How You Can Become A Thought Leader in 30 Days

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30-day-expert

Would it benefit you and your career to be recognized as a thought leader or topical expert? Turning yourself into one of those can take years, and putting in the time is no guarantee of success. But, author Dorie Clark outlines an approach that can move you down that path in weeks instead of years.

In her new book, Stand Out: How to Find Your Breakthrough Idea and Build a Following Around It, Clark points out that the key to being recognized as an expert is to choose the right niche.

Trying to muscle your way to the top of the food chain for big topics like “marketing” or “technology” would be incredibly time consuming and, for most of us, impossible.

But, Clark says, by looking at the intersection of larger fields you may find a niche that’s far less competitive.

For example, “marketing technology” is still not a tiny field, but it’s not overpopulated with names like Seth Godin and Malcolm Gladwell. There are no doubt smaller subsets of marketing technology that have little or no major competition for expert status.

Small size combined with novelty presents another powerful opportunity for niche selection. Choose something that hasn’t received a lot of attention, particularly if it’s new, and you could become a near-instant expert.

I spoke with Clark not long after we met at SXSW. She brought up the most-talked about new app at that conference, video-streaming platform Meerkat. Clark described how a would-be expert could leverage a hot new app:

30 day expertThe big thing everybody was having fun with over those few days was Meerkat, the live streaming app. If you decide to hop on the bandwagon, don’t start out as a tech expert, start out as a Meerkat expert. You create a blog about Meerkat. You write a new blog post every day about things you can do with Meerkat or who’s using Meerkat in an interesting way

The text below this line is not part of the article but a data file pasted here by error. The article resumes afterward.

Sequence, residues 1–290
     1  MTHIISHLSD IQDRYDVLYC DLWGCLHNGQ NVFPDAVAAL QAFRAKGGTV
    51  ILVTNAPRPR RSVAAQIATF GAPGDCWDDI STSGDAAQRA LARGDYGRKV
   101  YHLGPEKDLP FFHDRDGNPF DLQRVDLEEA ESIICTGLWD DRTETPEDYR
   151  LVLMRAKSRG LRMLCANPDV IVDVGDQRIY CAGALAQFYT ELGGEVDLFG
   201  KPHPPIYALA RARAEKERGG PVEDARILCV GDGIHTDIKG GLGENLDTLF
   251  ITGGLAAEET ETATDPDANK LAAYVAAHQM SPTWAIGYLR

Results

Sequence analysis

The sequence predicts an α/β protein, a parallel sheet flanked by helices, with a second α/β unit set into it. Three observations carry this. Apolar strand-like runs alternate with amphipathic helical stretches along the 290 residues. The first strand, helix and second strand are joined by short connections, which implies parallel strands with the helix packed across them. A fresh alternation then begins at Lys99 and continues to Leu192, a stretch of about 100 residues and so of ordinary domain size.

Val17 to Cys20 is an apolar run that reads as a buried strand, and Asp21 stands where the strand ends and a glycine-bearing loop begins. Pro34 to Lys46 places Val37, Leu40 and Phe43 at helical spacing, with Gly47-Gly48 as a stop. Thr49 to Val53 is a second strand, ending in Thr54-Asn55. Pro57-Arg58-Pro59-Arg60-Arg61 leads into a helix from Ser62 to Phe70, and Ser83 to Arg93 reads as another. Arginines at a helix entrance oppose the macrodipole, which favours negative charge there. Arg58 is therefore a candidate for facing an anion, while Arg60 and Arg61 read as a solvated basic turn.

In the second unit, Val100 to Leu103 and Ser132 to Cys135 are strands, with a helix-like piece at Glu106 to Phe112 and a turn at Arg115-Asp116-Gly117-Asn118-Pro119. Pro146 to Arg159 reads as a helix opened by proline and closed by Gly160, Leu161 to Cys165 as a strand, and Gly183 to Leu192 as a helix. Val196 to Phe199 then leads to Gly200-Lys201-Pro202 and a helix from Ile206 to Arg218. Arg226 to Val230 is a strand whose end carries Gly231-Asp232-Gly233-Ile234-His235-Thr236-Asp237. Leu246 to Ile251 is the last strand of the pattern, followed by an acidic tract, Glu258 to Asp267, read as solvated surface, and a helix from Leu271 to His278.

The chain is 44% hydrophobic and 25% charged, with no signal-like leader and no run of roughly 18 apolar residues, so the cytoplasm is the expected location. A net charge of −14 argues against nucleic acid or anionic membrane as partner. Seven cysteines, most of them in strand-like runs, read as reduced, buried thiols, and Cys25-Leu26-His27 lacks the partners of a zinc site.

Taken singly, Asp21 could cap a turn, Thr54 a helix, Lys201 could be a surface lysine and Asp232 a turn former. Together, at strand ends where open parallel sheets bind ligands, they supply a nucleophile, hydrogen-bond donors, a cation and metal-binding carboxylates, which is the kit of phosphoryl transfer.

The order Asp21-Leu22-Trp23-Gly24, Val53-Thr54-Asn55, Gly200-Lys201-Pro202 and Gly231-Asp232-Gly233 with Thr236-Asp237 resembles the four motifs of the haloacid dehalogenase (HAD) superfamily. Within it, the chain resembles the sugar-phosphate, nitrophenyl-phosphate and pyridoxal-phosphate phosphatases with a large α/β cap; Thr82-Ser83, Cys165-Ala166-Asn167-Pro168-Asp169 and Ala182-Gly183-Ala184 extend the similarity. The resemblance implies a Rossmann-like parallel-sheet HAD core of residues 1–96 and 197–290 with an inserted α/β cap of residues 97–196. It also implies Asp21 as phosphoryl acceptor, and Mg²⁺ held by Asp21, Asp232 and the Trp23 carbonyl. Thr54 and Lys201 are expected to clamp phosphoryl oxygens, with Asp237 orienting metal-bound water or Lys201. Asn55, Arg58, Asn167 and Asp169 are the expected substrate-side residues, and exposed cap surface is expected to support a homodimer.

I guarantee you within a month you’re going to be one of the world’s Meerkat experts, because you now have 30 pieces of content about it. When reporters are Googling you or looking for Meerkat, all your stuff is going to be coming up.

Once they start building a connection with you, they call you about Meerkat, you’re smart, you’re interesting, you know them, well guess what? Then they want to talk to you because, since you know about Meerkat, you probably know about Periscope. And, Periscope has been acquired by Twitter. Maybe they start to talk to you about Twitter. Before long, your range of perceived expertise grows because people are steadily imputing more knowledge to you.

Clark’s advice for a fast path to recognized expert status can be summarized simply:

  • Choose a niche in your space that is small but getting some attention.
  • Become the “category killer” of content relevant to that topic – create blog posts, social content, plus audio and/or video if that’s feasible.
  • Demonstrate your expertise at every opportunity in interviews, guest posts, etc.
  • Prepare to extend your expertise to related/larger categories

A key point that Clark makes is that you don’t want to be pigeonholed as knowing only about your original topic. Using her example, if Meerkat flames out in a few months there won’t be ongoing interest in Meerkat experts.